With the latest GNU Telephony releases of GNU Bayonne, I have experimented with and introduced a new lightweight kind of XML based web service that I call serverResponse. This was meant to offer something functionally capable of supporting automated remote procedure callable services, but that is far simpler to operate and requires far less code to support than SOAP or even XMLRPC. This is built around a new XML dialect called serverResponse, which suggests it is related to XMLRPC methodResponse in nature.
While serverResponse is perhaps most closely related to XMLRPC, it does not use explicit data types for parametric arguments and results. This makes it possible to encapsulate a serverResponse query request withing a standard HTTP GET request, with parametric query options, rather than having to Marshal an XML document with explicitly typed and structured data, and then POST it as an XML request to the web server. Further, in serverResponse, the URI being requested becomes the method invoked. Let's consider a simple example of serverResponse:
GET /status.xml?entry=0 HTTP/1.0 User-Agent: Any Host: 127.0.0.1 ... HTTP/1.1 200 OK Connection: close Server: Bayonne/1.5.4 Connection-Type: text/xml <?xml version="1.0"?> <serverResponse> <results server="bayonne" service="status"> <result id="status" value="-- "/> </results> </serverResponse>
The "results" block tells us that there is one or more successful results. The "result" entry tells us what the value of each result is and what that result is associated with by id. Generally, the server will perform some operation when the GET request is received, and return the result of that operation as a "result". The "results" tag also holds information on the server type that was responding, and the explicit service, which reconfirms the URI, or, in XMLRPC what would have been the "method" invoked. If one wishes to simply indicate some function was completed successfully without returning any additional status information, it is sufficient to return an empty "results" block to indicate this.
Let us look at a rough equivalent in XMLRPC for comparison. First, we would generate and post an XMLRPC document:
POST /RPC2 HTTP/1.0 User-Agent: Any Host: 127.0.0.1 Content-Type: text/xml Content-length: 161 <?xml version="1.0"?> <methodCall> <methodName>bayonne.getStatus</methodName> <params> <param> <value><i4>0</i4></value> </param> </params> </methodCall>
For which we would have to have an XML parser to process the request, and we would have to compute the content length in advance. To this, we might get a reply back that looks like:
HTTP/1.1 200 OK Connection: close Content-Length: 158 Content-Type: text/xml Server: bayonne/1.5.6 <?xml version="1.0"?> <methodResponse> <params> <param> <value><string>-- </string></value> </param> </params> </methodResponse>
The near equivalent in SOAP would take several pages to even try and explain, as well as considerably more code to functionally support.
Here is an example of an error or fault message in serverResponse. In this case, the serverResponse can include not just faults for error messages when an invoked service failed, but also can generate a response document for http service errors like the classic 404 Not Found:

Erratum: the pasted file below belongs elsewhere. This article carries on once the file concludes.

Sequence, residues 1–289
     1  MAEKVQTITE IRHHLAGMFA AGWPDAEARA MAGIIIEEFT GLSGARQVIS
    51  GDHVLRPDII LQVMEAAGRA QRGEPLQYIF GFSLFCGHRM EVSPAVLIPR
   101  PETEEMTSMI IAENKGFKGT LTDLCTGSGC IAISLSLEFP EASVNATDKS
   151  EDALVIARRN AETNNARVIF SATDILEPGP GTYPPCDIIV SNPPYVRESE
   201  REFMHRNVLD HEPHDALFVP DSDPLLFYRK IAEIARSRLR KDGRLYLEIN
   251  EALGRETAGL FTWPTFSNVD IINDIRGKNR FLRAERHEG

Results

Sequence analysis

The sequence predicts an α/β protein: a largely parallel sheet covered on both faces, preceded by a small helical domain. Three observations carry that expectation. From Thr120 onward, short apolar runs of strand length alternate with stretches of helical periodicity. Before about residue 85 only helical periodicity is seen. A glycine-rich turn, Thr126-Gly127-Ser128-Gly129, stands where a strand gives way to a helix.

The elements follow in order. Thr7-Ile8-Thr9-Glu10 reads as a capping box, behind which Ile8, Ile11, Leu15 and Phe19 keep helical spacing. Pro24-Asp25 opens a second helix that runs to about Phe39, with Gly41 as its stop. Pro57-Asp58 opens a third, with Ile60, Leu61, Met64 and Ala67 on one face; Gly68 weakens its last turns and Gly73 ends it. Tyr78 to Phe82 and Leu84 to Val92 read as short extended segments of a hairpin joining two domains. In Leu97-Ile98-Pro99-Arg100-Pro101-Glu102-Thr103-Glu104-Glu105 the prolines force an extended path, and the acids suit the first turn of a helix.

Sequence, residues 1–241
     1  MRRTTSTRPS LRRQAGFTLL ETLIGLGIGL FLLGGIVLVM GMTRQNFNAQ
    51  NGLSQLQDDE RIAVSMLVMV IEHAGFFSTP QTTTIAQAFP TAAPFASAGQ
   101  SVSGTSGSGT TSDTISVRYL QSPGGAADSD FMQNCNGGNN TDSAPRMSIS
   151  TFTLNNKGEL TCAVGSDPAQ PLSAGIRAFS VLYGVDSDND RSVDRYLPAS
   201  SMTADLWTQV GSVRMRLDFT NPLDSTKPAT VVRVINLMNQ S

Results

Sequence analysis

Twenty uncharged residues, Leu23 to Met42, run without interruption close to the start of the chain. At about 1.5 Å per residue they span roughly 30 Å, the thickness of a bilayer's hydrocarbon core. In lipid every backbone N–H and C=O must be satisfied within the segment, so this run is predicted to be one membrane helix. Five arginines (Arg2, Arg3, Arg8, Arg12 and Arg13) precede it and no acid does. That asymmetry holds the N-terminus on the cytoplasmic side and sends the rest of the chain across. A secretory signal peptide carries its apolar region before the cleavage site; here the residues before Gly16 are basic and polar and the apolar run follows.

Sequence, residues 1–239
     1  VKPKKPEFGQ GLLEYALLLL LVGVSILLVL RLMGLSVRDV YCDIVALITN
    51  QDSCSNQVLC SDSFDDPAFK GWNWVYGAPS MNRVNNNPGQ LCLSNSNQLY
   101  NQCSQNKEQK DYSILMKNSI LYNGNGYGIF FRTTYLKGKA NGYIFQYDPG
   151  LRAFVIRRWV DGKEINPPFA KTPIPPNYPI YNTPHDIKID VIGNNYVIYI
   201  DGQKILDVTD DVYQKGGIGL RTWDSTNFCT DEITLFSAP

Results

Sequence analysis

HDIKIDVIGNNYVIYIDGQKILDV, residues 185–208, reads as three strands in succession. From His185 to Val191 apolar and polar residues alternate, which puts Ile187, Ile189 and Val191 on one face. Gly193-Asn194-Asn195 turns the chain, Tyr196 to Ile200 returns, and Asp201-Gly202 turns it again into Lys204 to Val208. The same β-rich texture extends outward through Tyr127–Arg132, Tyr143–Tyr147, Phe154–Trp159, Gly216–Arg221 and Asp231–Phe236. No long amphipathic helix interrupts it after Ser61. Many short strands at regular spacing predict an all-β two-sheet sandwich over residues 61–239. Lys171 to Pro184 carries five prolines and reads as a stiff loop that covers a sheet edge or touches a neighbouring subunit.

GET /unknown.xml HTTP/1.0 User-Agent: Any Host: 127.0.0.1 ... HTTP/1.1 404 Not Found Connection: close Server: Bayonne/1.5.4 Connection-Type: text/xml <?xml version="1.0"?> <serverResponse> <faults server="bayonne" service="http"> <fault id="code" value="404"/> <fault id="text" value="Not Found"/> </faults> </serverResponse>
The form of the fault response is an exact mirror of the successful result, with a "faults" block containing individual "fault" entries. The equivalent error response to an improper request in XMLRPC is much more complicated than the successful result. Here is a common example of the XMLRPC reply, which has a fixed structure in all cases:
HTTP/1.1 200 OK Connection: close Content-Length: 426 Content-Type: text/xml Server: bayonne/1.5.6 <?xml version="1.0"?> <methodResponse> <fault> <value> <struct> <member> <name>faultCode</name> <value><int>4</int></value> </member> <member> <name>faultString</name> <value><string>Too many parameters.</string></value> </member> </struct> </value> </fault> </methodResponse>
I believe there are several advantages to be found in serverResponse over XMLRPC and by extension SOAP for building basic web services quickly, and especially where overhead matters. First, I do not use POST with an XML encoded query parameters. Instead I use a GET request. This means that a server offering server response does not require XML parsing code of any kind, which XMLRPC requires to validate the posted request document. Second I eliminated the need to compute a "Content-Length:". This means the serverResponse reply can be generated free-form from an embedded service running on a simple embedded HTTP service without having to pre-compute the length of the reply message, or pre-buffer the reply to be able to do so. While XMLRPC (and SOAP) are designed around complex supporting libraries that will Marshal strictly typed parametric data arguments and replies into function calls, serverResponse is very light weight to support, and very easy for other existing web services and scripting languages to directly use.